Jacob Wood, 29, and William McNulty, 35, are being honored for their work with Team Rubicon, the organization they co-founded in 2010. While watching coverage of the devastation in Haiti following an earthquake, Wood and McNulty realized that thanks to the skills they had gained in the Marines, they could help. In only days, they had gathered a small team of fellow veterans and they set off for Haiti. The two realized that deploying veterans in response to disasters as volunteers could not only improve traditional models of disaster response, but could also provide a meaningful experience for veterans struggling to reintegrate into civilian life. Wood and McNulty have worked since then to grow Team Rubicon, and continue to lead the organization.

 

Full Presentation

 

>>GEORGE DRAKE: Our honorees today are Jacob Wood, a 29 year old and William McNulty, a 35 year old so they easily fit within the parameters of this award which is capped at age 40. If you see Jacob stand up it won't surprise you to learn that he was a linebacker at the University of Wisconsin. He got away from us in that regard. Both are Marine veterans and since 2012, 2010, that's not very long they have worked in 35 different disasters, both domestically and internationally.

They have deployed over 800 veterans in this service, they said 7500 in their database and they told us again on Friday how much social media and rapid communication today is key to their work and their organization of their veterans. They're hoping today to build a cadre of about 10,000 veterans. So what they're doing is serving the world in the world in their most dire need and also in the process giving great meaning to the lives of veterans.

So it is with a sense of honor and humility that I asked President Kington to come forward and award the Grinnell Prize to Jacob Wood and William McNulty.

[Applause]

>>GEORGE DRAKE: We'll now allow you to hear from them.

>>JACOB WOOD: Alright. We're going to actually start our presentation with a short video that really will

>>VIDEO: On January 12th 2010,

>>WOOD: Now we're going to start with a video that really demonstrates our organization, what we do, and more or less where we came from and the humble beginnings that launched our organization and then we'll start the talk.

>>NARRATOR IN VIDEO: On January 12, 2010 a 7.4 magnitude earthquake struck off the coast of Port-au-Prince, Haiti. It was also the day Team Rubicon was born and called into action. As a fleet footed group of veterans and medical first responders, we triaged thousands of Haitians, took over management of the general hospital and listed the help of a dozen enlisted veterans and medical volunteers and coordinated thousands of pounds of medical supplies from the Untied States. All before the major aid organizations were fully operational on the ground.

We knew at the time that we had set in motion a new paradigm in disaster relief and unexpectedly we found a new method of veteran reintegration as well. When we took off the uniforms, we did not shed our desire to serve. We also did not forget the skills we developed during our military service. Volunteering with Team Rubicon gave us a new purpose and filled a void we had in our civilian lives.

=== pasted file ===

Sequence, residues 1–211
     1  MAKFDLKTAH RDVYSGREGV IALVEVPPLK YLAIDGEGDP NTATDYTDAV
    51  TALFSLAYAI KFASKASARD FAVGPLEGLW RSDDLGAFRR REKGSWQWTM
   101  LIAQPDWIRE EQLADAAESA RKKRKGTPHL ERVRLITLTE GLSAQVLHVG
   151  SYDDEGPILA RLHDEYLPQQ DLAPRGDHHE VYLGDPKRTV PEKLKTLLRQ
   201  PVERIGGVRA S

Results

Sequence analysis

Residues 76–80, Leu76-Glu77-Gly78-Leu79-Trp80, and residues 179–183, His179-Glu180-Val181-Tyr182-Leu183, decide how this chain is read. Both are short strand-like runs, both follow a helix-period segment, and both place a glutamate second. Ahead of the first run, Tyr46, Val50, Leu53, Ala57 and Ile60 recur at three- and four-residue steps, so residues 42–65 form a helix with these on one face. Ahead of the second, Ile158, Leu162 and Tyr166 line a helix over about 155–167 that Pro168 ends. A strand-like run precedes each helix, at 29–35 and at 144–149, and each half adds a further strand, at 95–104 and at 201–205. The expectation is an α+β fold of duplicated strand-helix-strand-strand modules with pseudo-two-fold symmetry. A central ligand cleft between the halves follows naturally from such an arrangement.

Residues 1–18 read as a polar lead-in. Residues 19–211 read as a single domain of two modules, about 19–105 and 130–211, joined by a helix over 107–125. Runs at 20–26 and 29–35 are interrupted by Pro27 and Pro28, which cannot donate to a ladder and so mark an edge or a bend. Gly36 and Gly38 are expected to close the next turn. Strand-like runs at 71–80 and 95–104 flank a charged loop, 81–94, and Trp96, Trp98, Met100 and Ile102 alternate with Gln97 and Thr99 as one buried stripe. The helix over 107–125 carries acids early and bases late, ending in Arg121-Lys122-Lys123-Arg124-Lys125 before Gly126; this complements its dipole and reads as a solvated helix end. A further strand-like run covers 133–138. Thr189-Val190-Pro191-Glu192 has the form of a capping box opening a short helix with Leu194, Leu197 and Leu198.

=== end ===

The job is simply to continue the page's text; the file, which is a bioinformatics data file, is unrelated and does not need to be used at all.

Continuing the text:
>>WOMAN IN VIDEO: I think a lot of people too after we left the military a feeling that we wanted to do something that is I guess constructive rather than destructive.

>>MAN IN VIDEO: When you get out, you kind of have that feeling of I guess resets your self worth and what are you really doing that's important in the world.

>>MAN IN VIDEO: We're out here, helping people and at the same time you know it's giving back to us. It's something that obviously a lot of our veterans need.

>>MAN IN VIDEO: I have in the short time that I've been here that I still have something to give, so...there's still something there, and I didn't know that.

>>NARRATOR: This purpose, community and an improved sense of self have become the core values of Team Rubicon and they have guided us on launch of our domestic operations in 2011, beginning with the damaging tornado in Tuscaloosa and followed by the devastation in Joplin, we began to enlist of the services of military veterans and aid immediate disaster relief at home. And with new disasters like Hurricane Sandy, we've taken on new responsibility in leading civilian volunteers in the field and coordinating response with local and federal agencies.

>>MAN IN VIDEO: What they did in a week, would have taken me 8 to 9 months to do, tens of thousands of dollars. It was just incredible.

>>WOMAN IN VIDEO: Anyone who wanted to volunteer, they just grabbed them off the street, gave them a lesson in what they needed to do and those guys just came and just did it. It was outstanding.

>>MAN IN VIDEO: And I had forgotten that it was veterans day until I realized that veterans who had a choice or marching in a parade choose to come to Rockaway instead.

>>WOMAN IN VIDEO: It just gave me a whole new perspective on what those guys are doing and how they operate so kind, so empathetic and just so mobilized.

>>WOMAN IN VIDEO: They've been nothing but generous supportive and I guess I say a godsend. We couldn't have made it through without them.

>>WOMAN IN VIDEO: Thank you so much for helping us at a time when we didn't know who would help us, they were there.

>>NARRATOR: Moving forward, Team Rubicon plans to expand regional offices for domestic response efforts, broaden veteran outreach and support programs and implement new technologies and communication tools like those utilized in the aftermath of Hurricane Sandy. These technologies have become instrumental in tracking the destruction, the needs of home owners and the efficiencies of our response team.

There will always be veterans in this country and there will always be natural disasters and that's why Team Rubicon will always be there. Whenever, wherever.